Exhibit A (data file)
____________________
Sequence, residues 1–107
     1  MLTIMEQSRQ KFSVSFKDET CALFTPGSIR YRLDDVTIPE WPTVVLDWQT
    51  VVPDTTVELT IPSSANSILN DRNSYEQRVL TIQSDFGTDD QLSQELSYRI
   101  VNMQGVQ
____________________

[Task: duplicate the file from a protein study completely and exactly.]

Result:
Sequence, residues 1–107
     1  MLTIMEQSRQ KFSVSFKDET CALFTPGSIR YRLDDVTIPE WPTVVLDWQT
    51  VVPDTTVELT IPSSANSILN DRNSYEQRVL TIQSDFGTDD QLSQELSYRI
   101  VNMQGVQ